Speeding past the enormous golf ball-like geosphere of Epcot Center’s Spaceship Earth, sweat slicking off my burgundy running shirt, I get an encouraging thumbs up from Minnie Mouse. The sun continues to rise on Orlando’s Walt Disney World Resort as thousands of racers from all over the world sprint toward the finish line of runDisney’s Race for the Taste 10K. The “Ratatouille”-inspired race takes us around World Showcase Lagoon and through Epcot’s mini recreations of Morocco, Japan, Mexico, China, etc. Darting around the so-called happiest place on Earth, I hit the six-mile mark after about an hour and finally see the end in sight.
Already, I want to do this again.
Bingeing two different series recently about health and longevity has made me massively grateful for my running journey. The Netflix docuseries “Live to 100: Secrets of the Blue Zones” investigates the diet and lifestyles of people who live the longest around the world. Exercise, of course, is an essential factor. “Limitless,” another docuseries over on Disney+ (starring actor Chris Hemsworth, Marvel’s Thor), also explores how to combat aging and discover the full potential of the human body. One episode talks about endurance training and its importance in building up healthy mitochondria. My semi-regular running in New York City’s Central Park seems to qualify as endurance practice, so I’m thankful I’m into it.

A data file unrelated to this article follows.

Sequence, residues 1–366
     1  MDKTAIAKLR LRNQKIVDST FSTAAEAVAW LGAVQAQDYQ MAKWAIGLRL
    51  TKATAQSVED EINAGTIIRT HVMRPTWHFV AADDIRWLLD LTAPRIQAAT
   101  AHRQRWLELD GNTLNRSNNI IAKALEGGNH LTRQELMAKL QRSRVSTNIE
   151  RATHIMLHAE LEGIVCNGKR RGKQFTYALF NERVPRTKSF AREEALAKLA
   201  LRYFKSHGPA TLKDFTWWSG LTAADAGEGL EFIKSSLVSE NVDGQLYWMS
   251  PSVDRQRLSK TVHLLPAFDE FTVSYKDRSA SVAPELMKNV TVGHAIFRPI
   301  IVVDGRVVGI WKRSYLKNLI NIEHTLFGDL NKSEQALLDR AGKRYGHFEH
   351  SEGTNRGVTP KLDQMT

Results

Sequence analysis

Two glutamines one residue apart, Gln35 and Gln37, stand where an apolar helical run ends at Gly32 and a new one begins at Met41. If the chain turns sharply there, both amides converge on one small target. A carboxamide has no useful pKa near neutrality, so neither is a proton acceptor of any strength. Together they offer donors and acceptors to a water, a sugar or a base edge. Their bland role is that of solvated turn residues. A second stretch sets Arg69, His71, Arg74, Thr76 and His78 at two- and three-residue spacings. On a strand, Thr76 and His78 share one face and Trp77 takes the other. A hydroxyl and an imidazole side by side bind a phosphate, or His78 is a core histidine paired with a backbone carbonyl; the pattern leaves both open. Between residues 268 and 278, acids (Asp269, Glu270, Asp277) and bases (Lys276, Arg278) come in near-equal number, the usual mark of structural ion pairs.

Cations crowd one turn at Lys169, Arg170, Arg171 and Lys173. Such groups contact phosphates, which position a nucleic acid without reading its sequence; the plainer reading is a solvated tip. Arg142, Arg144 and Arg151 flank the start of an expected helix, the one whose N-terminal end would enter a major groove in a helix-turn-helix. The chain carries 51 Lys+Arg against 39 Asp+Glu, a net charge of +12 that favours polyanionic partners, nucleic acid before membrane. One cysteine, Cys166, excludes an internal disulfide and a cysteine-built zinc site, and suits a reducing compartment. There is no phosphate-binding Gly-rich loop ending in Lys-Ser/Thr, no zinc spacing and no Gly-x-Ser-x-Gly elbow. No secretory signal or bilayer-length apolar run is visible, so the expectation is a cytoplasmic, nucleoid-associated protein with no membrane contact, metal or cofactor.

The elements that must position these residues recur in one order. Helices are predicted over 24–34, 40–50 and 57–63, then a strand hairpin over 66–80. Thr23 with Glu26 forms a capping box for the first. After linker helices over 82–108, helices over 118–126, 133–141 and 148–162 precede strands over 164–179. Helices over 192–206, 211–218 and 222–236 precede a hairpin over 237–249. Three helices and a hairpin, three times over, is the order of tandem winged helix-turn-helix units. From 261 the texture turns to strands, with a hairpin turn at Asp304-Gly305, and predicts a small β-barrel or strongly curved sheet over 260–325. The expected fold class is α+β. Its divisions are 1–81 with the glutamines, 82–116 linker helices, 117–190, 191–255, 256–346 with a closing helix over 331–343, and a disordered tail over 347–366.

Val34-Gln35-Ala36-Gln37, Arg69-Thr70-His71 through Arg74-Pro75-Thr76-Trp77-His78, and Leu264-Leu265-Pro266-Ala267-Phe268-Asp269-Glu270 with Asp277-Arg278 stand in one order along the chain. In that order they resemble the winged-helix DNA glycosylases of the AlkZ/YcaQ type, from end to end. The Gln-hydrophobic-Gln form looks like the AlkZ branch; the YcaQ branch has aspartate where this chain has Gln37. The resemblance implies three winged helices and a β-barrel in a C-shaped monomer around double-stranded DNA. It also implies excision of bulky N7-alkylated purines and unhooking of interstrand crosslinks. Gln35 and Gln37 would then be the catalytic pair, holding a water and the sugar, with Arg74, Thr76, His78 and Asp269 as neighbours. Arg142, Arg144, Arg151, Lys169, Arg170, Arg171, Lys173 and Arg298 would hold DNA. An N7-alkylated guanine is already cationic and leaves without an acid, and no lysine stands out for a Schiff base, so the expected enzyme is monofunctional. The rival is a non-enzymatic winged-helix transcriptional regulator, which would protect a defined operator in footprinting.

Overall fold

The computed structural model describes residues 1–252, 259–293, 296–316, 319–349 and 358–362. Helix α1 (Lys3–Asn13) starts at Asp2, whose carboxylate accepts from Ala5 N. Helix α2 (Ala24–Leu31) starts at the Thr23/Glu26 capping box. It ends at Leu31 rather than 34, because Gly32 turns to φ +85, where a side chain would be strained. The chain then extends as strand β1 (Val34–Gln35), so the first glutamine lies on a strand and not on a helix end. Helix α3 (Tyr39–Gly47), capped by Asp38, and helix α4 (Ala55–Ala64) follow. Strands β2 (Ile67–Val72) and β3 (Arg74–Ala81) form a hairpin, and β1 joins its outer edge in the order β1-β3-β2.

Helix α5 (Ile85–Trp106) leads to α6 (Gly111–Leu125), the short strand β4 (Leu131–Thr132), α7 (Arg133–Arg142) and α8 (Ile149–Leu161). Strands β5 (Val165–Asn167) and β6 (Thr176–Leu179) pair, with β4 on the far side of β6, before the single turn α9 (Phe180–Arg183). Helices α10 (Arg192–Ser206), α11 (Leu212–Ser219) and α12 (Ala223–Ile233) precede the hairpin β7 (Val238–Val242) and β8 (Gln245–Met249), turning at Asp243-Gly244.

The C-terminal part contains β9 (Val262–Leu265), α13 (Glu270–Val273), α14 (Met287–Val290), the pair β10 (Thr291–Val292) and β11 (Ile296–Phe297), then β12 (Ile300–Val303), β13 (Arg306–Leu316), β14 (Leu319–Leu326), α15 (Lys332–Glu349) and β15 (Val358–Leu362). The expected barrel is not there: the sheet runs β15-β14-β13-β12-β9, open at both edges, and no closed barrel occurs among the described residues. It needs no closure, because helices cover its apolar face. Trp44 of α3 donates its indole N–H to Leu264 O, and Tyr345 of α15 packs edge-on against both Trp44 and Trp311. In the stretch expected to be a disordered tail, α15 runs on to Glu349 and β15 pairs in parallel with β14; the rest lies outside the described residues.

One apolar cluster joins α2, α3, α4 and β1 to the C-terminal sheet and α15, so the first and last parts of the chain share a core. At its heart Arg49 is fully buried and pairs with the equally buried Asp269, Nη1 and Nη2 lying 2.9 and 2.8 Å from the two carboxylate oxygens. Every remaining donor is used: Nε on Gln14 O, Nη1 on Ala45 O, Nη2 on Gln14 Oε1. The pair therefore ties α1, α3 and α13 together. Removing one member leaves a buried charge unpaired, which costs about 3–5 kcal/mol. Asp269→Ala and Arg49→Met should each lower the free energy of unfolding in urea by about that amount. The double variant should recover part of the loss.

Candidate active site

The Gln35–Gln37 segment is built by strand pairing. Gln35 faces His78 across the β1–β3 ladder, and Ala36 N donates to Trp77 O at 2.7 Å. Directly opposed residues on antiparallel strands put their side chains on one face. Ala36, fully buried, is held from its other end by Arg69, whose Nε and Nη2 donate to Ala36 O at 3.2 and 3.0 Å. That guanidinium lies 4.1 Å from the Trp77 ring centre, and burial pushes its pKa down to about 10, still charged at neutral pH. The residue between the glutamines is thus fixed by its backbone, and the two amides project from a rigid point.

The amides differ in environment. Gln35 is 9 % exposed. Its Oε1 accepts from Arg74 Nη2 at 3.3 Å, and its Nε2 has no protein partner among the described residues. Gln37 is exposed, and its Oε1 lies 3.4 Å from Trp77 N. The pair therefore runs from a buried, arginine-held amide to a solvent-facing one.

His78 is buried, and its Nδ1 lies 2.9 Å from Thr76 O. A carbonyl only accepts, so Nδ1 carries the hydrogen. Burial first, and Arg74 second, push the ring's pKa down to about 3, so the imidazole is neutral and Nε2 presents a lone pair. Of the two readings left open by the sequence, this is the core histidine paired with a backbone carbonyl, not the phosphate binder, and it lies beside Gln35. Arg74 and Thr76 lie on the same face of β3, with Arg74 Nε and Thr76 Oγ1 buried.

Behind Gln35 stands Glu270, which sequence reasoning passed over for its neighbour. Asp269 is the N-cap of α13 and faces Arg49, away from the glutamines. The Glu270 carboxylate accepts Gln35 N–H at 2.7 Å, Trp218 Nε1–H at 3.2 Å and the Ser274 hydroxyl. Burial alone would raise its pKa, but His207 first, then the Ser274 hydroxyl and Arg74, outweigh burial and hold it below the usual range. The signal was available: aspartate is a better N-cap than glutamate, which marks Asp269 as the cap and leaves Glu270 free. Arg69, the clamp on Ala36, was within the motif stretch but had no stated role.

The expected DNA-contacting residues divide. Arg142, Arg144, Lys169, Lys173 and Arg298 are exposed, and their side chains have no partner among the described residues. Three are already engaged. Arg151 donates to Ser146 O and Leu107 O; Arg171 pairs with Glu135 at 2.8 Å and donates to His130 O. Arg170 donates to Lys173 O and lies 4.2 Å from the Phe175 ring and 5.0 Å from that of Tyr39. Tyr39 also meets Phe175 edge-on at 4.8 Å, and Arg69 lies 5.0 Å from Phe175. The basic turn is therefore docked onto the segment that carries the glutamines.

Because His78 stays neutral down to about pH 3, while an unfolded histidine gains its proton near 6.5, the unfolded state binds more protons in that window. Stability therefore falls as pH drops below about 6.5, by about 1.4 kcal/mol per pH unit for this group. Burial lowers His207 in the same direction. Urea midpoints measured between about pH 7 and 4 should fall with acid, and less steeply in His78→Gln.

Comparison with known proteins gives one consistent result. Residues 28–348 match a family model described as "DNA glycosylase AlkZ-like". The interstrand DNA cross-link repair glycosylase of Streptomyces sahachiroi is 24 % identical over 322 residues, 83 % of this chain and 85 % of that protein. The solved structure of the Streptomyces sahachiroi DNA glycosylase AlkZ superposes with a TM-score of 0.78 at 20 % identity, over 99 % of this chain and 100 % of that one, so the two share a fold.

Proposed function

Like any geek worth their stripes, I grew up dreading gym class. I had my baseball phase like any red-blooded American boy, but the only sport that ever meant anything to me was boxing, mainly because of charismatic pugilists like Muhammad Ali and Mike Tyson. I never joined any teams throughout school. It was only when my wife started mentioning love handles that I decided to hit the asphalt way into my adulthood. Running made sense to me. I’d already been meditating for years. The disciplines feel very similar in that you’re one with your thoughts out there, solo. All you need are sneakers, stamina and a great playlist—music has always put a battery in my back.